Pasta is one of the mainstays of American food culture. Even though its history is mainly Italian with its origins being traced back to Asia, the United States consumes nearly 6 billion pounds of it every year. The average American alone eats approximately 20 lbs. of pasta annually!
With that extreme amount of consumption, there’s an equally large amount of different types of pasta to accompany it. We aren’t talking about 50 to 60 types of noodles. We are talking about over 350 different kinds of pasta!
Why are there so many variations? Where did it all come from? Let’s get to the bottom of this.
Pasta Defined From A(ngel Hair) to Z(iti)
Overall, pasta can be classified into a few different groups including the long group, tube group, soup group, stuffed group, and special shape group.
These groups have a few different varieties you are most likely familiar with, so we have included some common examples:
- Long: can be described fairly obviously by it’s thin and lengthy features. Common types include angel hair, fettuccine, linguine, and spaghetti.
- Tube: is any pasta that is hollow through the center, forming a tube. Some tubes are long and narrow while others are short and wide. Common types include elbow macaroni, penne, rigatoni, and ziti
- Soup: consists of shapes that range from small to very tiny. They are typically used in lighter soups. A few kinds examples include alphabets (seriously!), orzo, and pastina.
- Stuffed: can be filled with a variety of different fillings, including meat, cheese, and vegetables. Common types can include ravioli, shells, and tortellini.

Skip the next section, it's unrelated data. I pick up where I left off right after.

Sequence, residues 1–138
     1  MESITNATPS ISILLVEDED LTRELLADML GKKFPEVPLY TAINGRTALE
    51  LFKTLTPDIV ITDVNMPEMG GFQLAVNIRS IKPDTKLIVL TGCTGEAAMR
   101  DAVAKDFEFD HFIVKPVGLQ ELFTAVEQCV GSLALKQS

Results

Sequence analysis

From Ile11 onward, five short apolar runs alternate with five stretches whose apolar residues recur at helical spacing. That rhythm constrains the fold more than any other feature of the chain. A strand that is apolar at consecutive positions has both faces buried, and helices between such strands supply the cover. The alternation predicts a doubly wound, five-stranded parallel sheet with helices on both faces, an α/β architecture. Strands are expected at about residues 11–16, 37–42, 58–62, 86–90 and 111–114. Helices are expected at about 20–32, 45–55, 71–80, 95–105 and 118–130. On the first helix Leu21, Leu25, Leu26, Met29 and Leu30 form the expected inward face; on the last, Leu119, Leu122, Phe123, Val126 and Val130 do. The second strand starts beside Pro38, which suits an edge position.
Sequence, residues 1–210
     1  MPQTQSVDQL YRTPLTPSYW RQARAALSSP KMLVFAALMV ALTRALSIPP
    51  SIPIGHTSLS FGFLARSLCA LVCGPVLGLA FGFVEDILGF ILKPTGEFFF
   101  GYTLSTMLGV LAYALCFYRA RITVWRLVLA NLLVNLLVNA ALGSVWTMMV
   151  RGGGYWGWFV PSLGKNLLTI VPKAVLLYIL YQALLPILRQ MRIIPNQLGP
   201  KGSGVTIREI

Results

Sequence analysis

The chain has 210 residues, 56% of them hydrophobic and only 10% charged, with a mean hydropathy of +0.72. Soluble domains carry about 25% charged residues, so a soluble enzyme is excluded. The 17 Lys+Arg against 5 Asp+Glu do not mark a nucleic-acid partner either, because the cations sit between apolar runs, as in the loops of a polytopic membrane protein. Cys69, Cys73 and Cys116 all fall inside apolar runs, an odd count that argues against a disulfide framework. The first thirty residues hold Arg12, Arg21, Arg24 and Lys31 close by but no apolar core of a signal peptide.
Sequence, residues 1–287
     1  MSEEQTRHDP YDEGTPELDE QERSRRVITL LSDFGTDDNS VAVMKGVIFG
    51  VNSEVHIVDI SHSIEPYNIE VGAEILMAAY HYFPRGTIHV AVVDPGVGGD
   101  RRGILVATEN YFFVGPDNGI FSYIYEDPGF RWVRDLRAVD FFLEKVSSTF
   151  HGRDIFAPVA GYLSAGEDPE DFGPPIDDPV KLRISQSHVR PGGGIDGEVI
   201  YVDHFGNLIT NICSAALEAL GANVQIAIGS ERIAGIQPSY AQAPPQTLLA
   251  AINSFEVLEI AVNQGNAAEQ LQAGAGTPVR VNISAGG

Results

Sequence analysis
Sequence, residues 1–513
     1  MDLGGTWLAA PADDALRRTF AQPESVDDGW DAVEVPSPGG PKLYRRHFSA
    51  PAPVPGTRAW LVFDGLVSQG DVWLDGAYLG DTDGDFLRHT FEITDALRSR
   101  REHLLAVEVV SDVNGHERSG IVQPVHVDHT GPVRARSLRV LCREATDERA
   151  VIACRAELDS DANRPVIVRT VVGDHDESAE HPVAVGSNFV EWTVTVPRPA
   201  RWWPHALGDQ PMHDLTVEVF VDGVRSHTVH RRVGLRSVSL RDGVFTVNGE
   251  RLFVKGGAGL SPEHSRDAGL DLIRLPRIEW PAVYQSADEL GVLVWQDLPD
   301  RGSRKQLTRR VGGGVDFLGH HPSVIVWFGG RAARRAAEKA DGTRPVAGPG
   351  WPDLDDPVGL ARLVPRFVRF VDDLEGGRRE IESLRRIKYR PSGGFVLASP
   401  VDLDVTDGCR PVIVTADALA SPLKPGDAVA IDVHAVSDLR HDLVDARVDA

- Special shape: is a type of pasta that doesn’t fit into any of the above categories. The noodles can be a variety of different shapes, including spirals or bowties. Common types can include cappelletti, egg noodles, farfalle, and rotelle.
As you can see, we did not give you a list of 350 different kinds of noodles. Your brain would have become as tangled as spaghetti sitting on your plate. So, to the question finally, why are there so many kinds of pasta?
The answer is quite simple. It’s all about texture and sauce.
How a certain pasta holds a sauce is an important piece of Italian cooking. Typically, chefs use an array of pasta shapes and sizes depending on the sauce they use. For example, a thinner sauce may pair better with thinner pasta, such as angel hair or spaghetti. A thicker sauce would then pair better with a thicker pasta, like rigatoni or fettuccine.
Thick and thin aren’t the only ways to describe the sauces that bond well with specific types of noodles. There are cream sauces that pair well with flat noodles, and tomato sauces that cling to round pasta.
A good way to think about all of this is, the bigger the pasta, the heavier a sauce can be. If it’s smaller, the lighter the sauce should be.
Why Are There So Many Shapes of Pasta?
The shapes vary because of cultural differences from around the globe. Pasta lovers in North America are said to prefer more standardized and familiar shape. In Italy, people are said to prefer more unique types of pasta. However, that’s not the only reason.
Our preferences in the United States, can be influenced by today’s prevailing food culture. We view it as a fast and simple dinner. In Italy, it is more of a meal experience than a quick fix.
Innovation also plays an enormous role in why there are so many distinctive shapes. Without the creativity of mixing sauces with diverse types of pasta, we probably wouldn’t have some of the dishes we have today.
Get Your Fill at Grico’s
At Grico’s, we have a variety of options for an in-house dining experience or an event for which you may need catering services. From linguine to capellini, and a variety of sauces to choose from, we have the option for you. Reserve your table at Grico’s today!